|A new head for Air India|
|Wednesday, 10 August 2011 00:00|
When a top aviation ministry official takes time out to brief reporters on the fact that Air India’s chief Arvind Jadhav is on his way out, you begin to get more than a bit worried about whether the ministry knows what it’s doing. It can’t be the government responding to the Opposition’s demand since of all the heads the Opposition has asked for, this is the most insignificant. If Jadhav is replaced, as now looks likely, his successor will be the fourth chief the airline has had in the last three years. So many chiefs is bad for any organisation; for one that’s supposedly trying to turnaround, it’s suicidal. Indeed, things are so bad that when, as part of the turnaround strategy, a team was set up, the government went out of its way to ensure the team was disbanded, starting from the expat COO to the chief training officer and even the COO of the low-cost airline which is the lynchpin of Air India’s turnaround strategy.
It can be no one’s case, not even Jadhav’s, that he’s the best chief Air India can ever get. The point is a more basic one: will the aviation ministry allow any chief to function independently? Indeed, given that it is responsible to Parliament for Air India’s functioning, can it allow any chief to function independently? Perhaps why privatisation is the only solution, and not just for Air India.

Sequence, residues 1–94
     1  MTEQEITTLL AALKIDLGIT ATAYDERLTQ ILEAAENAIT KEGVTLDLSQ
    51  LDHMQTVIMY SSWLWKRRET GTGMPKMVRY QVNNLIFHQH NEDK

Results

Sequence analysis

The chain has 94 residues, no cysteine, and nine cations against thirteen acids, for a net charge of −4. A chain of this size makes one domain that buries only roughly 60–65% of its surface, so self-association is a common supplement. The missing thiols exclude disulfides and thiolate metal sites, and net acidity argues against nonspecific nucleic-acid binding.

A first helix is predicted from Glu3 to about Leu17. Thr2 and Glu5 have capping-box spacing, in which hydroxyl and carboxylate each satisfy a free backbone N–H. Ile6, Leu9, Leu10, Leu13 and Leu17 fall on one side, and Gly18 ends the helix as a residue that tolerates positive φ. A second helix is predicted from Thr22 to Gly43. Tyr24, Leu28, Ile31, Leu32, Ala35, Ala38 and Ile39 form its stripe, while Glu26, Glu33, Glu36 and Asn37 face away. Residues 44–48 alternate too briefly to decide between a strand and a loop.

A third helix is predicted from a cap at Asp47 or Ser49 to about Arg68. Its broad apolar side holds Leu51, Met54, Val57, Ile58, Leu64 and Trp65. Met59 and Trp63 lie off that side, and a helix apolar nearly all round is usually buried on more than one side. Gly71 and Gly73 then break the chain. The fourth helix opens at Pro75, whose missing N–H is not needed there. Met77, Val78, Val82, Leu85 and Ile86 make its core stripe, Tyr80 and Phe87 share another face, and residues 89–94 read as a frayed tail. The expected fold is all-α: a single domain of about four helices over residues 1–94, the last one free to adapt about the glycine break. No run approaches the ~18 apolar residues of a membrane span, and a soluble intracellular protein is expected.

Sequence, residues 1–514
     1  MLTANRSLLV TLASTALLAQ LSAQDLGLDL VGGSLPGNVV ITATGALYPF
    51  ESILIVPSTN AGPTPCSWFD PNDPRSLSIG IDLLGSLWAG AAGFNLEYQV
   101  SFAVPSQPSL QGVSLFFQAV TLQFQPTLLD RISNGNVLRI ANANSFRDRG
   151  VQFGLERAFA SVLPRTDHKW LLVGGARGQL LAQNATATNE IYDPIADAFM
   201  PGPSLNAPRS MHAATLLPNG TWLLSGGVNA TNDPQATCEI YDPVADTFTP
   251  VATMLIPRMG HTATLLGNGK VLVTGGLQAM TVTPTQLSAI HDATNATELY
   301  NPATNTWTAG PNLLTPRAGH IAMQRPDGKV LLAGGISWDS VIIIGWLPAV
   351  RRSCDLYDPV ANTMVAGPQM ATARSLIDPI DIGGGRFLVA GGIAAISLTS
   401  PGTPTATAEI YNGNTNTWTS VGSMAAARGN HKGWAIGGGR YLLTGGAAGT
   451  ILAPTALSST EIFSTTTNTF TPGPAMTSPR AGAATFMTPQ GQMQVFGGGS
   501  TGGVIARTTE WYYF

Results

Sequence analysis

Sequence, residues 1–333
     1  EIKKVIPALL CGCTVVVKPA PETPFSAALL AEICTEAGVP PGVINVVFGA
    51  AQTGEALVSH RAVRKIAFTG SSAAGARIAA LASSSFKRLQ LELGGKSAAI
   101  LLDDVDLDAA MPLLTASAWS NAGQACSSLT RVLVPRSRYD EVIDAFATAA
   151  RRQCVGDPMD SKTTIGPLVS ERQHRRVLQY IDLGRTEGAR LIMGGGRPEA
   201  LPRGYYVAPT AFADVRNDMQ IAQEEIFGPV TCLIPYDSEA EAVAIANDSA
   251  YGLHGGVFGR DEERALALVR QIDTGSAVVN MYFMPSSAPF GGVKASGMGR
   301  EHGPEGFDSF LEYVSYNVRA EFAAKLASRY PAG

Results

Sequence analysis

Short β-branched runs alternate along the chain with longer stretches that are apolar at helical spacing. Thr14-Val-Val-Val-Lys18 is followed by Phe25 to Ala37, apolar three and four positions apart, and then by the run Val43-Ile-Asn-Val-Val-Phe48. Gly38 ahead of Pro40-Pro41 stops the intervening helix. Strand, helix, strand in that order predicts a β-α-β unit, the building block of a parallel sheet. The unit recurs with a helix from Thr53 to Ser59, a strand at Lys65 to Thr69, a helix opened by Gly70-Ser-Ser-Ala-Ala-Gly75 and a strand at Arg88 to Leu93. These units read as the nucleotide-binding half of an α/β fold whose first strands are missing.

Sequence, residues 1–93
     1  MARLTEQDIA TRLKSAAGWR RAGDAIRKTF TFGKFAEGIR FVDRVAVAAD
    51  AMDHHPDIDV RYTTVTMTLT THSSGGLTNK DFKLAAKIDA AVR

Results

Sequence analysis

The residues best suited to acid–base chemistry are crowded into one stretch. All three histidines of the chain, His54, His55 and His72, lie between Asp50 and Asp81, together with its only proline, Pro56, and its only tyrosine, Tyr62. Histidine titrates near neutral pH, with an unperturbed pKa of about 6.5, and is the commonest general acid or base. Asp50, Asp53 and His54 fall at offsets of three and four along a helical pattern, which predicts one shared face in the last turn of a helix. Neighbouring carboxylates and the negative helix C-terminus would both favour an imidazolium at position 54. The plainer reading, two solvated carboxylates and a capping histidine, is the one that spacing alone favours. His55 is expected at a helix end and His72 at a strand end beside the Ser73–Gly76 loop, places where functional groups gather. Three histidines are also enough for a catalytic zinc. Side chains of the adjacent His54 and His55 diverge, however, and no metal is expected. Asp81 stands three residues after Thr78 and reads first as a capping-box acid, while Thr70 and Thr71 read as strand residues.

The best course is to give Parliament the true picture and let it decide. On the one hand, Air India needs R42,000 crore of infusion over a decade. Along with this, it needs the government to protect its turf by not giving out any more bilaterals. After that, it needs to be left alone. And the chances of it succeeding even then are poor. Consulting firm Deloitte which evaluated Air India’s turnaround plan said it was a long haul given that the plan envisages a situation in which Air India’s cost structure will be much lower than that of rivals like Jet and Kingfisher—it projects Air India’s domestic market share growing at 22% annually as compared to 10% for its rivals (15% for Air India vs 3-4% for rivals in the international market)! Once the pros and cons are put forward in this manner, maybe after Deloitte is asked to make a presentation with Air India’s management asked to respond to the points made, it seems pretty obvious what Parliament will opt for. Or does it?